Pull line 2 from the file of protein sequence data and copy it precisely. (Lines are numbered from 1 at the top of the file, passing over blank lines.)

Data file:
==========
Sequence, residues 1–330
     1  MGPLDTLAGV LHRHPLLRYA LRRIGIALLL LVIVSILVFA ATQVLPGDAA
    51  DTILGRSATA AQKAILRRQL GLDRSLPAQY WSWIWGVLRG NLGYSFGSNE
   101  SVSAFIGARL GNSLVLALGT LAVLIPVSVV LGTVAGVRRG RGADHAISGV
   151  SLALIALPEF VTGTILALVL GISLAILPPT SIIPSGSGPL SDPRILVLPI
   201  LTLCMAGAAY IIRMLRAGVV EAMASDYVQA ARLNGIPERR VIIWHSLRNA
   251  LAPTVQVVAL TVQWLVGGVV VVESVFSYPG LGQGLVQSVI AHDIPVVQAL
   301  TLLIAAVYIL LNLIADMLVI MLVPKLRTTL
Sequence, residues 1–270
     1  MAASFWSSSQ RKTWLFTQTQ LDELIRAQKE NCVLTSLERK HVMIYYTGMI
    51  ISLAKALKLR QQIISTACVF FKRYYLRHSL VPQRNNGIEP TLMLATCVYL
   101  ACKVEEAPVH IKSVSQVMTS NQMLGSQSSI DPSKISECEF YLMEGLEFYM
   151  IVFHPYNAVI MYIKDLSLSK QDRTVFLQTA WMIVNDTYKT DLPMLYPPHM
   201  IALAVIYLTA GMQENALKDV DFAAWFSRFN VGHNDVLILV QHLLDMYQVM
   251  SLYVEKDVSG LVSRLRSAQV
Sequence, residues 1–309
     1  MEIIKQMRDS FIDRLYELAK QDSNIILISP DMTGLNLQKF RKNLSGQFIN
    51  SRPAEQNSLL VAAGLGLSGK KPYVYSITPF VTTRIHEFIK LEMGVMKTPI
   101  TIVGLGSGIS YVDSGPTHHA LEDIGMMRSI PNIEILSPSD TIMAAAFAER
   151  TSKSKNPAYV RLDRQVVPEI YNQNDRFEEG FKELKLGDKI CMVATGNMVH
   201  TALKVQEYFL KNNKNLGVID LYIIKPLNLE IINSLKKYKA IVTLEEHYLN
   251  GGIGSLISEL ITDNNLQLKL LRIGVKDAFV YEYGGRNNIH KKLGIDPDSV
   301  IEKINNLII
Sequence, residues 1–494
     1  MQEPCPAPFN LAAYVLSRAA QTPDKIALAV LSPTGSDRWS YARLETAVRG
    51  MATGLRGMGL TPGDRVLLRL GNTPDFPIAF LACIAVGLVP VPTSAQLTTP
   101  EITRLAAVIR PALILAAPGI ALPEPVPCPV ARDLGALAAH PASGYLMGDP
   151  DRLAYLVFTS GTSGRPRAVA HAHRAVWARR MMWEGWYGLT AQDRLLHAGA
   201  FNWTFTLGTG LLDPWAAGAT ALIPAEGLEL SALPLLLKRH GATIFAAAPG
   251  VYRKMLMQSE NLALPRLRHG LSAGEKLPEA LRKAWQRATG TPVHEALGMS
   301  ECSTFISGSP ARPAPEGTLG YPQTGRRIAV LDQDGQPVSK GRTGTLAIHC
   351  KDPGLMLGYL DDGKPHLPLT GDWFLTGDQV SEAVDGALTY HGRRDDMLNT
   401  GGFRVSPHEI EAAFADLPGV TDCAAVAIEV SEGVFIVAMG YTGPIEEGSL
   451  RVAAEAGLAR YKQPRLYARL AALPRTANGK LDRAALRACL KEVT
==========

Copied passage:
     1  MGPLDTLAGV LHRHPLLRYA LRRIGIALLL LVIVSILVFA ATQVLPGDAA